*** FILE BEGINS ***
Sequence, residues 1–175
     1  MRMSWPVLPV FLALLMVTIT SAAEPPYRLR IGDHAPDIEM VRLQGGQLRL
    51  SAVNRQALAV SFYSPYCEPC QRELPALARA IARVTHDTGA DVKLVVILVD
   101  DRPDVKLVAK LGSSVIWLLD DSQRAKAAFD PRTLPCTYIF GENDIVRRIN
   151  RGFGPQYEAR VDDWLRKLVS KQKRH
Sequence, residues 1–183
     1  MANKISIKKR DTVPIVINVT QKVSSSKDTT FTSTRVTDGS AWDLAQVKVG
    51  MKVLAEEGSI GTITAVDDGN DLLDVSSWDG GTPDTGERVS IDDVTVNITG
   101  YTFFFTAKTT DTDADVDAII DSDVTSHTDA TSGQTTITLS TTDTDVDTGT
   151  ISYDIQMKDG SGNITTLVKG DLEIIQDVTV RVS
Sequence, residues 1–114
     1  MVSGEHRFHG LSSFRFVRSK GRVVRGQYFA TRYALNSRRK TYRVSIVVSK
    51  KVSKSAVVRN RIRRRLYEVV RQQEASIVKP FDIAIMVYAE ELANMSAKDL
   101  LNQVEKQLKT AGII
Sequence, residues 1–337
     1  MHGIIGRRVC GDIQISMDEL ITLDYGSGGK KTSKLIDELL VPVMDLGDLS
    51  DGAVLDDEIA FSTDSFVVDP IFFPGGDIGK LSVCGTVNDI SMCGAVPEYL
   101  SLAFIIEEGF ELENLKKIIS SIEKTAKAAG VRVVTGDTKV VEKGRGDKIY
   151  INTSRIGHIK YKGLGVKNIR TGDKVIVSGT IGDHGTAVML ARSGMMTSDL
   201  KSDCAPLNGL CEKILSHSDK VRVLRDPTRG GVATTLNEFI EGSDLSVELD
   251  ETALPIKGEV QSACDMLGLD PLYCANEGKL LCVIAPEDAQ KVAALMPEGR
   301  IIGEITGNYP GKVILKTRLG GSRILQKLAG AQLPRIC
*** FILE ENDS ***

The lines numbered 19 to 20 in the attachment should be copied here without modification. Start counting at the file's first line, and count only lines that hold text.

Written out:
   151  INTSRIGHIK YKGLGVKNIR TGDKVIVSGT IGDHGTAVML ARSGMMTSDL
   201  KSDCAPLNGL CEKILSHSDK VRVLRDPTRG GVATTLNEFI EGSDLSVELD